Additional Statistics and other Information
QCEW data for states have been included in this release in table 3. For additional information about quarterly employment and wages data, please read the Technical Note or visit the QCEW Web site at www.bls.gov/cew. QCEW data in this release are based on the 2012 North American Industry Classification System.
Employment and Wages Annual Averages Online features comprehensive information by detailed industry on establishments, employment, and wages for the nation and all states. The 2011 edition of this publication contains selected data produced by Business Employment Dynamics (BED) on job gains and losses, as well as selected data from the first quarter 2012 version of the national news release. Tables and additional content from Employment and Wages Annual Averages 2011 are now available online at www.bls.gov/cew/cewbultn11.htm. The 2012 edition of Employment and Wages Annual Averages Online will be available later in 2013.
Information in this release will be made available to sensory impaired individuals upon request. Voice phone: 202-691-5200; Federal Relay Service: 1-800-877-8339.
Average weekly wage data by county are compiled under the Quarterly Census of Employment and Wages (QCEW) program, also known as the ES-202 program. The data are derived from summaries of employment and total pay of workers covered by state and federal unemployment insurance (UI) legislation and provided by State Workforce Agencies (SWAs). The 9.2 million employer reports cover 132.9 million full- and part-time workers. The average weekly wage values are calculated by dividing quarterly total wages by the average of the three monthly employment levels of those covered by UI programs. The result is then divided by 13, the number of weeks in a quarter. It is to be noted, therefore, that over-the-year wage changes for geographic areas may reflect shifts in the composition of employment by industry, occupation, and such other factors as hours of work. Thus, wages may vary among counties, metropolitan areas, or states for reasons other than changes in the average wage level. Data for all states, Metropolitan Statistical Areas (MSAs), counties, and the nation are available on the BLS Web site at www.bls.gov/cew/; however, data in QCEW press releases have been revised and may not match the data contained on the Bureau’s Web site.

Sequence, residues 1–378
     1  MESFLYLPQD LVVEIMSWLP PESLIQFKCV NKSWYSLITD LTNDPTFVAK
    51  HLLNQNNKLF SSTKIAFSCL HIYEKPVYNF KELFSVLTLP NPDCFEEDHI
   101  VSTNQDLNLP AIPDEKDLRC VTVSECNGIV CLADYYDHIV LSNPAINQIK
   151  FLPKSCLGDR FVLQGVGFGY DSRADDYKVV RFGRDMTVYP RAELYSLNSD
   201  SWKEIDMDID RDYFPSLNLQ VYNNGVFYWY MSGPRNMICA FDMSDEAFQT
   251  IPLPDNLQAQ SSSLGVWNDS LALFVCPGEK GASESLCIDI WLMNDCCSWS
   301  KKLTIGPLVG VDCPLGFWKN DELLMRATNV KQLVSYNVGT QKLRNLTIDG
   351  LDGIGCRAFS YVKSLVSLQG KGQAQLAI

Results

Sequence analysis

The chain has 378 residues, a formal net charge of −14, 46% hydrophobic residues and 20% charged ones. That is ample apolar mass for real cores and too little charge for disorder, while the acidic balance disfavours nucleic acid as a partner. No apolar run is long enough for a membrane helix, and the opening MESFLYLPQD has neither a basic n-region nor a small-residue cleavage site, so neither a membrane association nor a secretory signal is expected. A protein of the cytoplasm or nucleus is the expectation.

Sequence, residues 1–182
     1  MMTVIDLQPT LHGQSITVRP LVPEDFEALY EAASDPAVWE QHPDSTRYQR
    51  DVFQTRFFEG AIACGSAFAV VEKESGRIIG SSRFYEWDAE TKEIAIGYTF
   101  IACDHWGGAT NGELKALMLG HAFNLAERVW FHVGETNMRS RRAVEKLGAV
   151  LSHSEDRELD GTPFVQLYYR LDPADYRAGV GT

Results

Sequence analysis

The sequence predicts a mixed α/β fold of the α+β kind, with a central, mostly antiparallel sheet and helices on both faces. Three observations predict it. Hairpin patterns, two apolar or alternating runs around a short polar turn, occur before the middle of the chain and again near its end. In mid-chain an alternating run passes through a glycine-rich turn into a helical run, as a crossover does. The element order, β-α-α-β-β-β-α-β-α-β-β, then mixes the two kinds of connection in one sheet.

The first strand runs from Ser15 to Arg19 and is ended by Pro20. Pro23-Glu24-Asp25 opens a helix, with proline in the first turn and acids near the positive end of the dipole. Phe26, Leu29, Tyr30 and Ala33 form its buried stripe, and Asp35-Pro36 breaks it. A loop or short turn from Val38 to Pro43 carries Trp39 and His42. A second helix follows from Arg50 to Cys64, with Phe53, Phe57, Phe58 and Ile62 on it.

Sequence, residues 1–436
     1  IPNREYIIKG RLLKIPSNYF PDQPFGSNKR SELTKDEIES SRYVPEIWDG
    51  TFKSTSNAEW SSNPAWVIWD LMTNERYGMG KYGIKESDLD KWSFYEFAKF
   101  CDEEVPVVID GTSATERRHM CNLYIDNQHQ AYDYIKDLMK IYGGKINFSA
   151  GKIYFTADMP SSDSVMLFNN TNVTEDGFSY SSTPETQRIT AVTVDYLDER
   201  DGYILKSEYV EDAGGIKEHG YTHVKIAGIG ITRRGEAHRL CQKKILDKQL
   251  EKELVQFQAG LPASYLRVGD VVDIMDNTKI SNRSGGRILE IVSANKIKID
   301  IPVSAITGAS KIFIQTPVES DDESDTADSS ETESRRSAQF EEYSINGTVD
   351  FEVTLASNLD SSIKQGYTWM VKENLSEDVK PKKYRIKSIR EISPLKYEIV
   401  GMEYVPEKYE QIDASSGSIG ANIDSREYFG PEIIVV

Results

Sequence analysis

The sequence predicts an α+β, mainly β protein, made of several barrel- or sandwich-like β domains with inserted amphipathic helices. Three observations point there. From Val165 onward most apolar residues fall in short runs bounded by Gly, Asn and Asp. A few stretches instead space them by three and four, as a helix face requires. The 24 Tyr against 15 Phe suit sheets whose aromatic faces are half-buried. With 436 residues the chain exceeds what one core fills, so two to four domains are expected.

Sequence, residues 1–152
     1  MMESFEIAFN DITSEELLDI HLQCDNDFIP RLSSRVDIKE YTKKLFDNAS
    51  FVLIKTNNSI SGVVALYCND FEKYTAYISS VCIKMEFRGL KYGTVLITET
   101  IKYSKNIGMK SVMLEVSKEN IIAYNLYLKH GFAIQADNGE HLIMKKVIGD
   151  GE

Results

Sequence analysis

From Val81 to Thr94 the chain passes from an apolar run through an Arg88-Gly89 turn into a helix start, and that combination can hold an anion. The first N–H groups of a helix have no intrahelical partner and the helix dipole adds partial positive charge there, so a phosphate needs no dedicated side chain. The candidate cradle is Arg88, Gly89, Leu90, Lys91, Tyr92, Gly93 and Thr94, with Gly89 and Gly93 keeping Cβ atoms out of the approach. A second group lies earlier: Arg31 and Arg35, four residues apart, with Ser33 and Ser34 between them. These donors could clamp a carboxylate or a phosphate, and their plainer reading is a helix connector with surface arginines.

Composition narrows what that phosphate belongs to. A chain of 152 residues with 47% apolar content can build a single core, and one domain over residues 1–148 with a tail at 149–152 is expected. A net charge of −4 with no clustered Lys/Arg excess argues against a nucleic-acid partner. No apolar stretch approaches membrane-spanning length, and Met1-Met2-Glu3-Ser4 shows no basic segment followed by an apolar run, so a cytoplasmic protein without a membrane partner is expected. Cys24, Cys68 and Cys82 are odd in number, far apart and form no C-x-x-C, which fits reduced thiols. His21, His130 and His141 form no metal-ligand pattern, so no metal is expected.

QCEW data are not designed as a time series. QCEW data are simply the sums of individual establishment records reflecting the number of establishments that exist in a county or industry at a point in time. Establishments can move in or out of a county or industry for a number of reasons—some reflecting economic events, others reflecting administrative changes.
The preliminary QCEW data presented in this release may differ from data released by the individual states as well as from the data presented on the BLS Web site. These potential differences result from the states’ continuing receipt, review and editing of UI data over time. On the other hand, differences between data in this release and the data found on the BLS Web site are the result of adjustments made to improve over-the-year comparisons. Specifically, these adjustments account for administrative (noneconomic) changes such as a correction to a previously reported location or industry classification. Adjusting for these administrative changes allows users to more accurately assess changes of an economic nature (such as a firm moving from one county to another or changing its primary economic activity) over a 12-month period. Currently, adjusted data are available only from BLS press releases.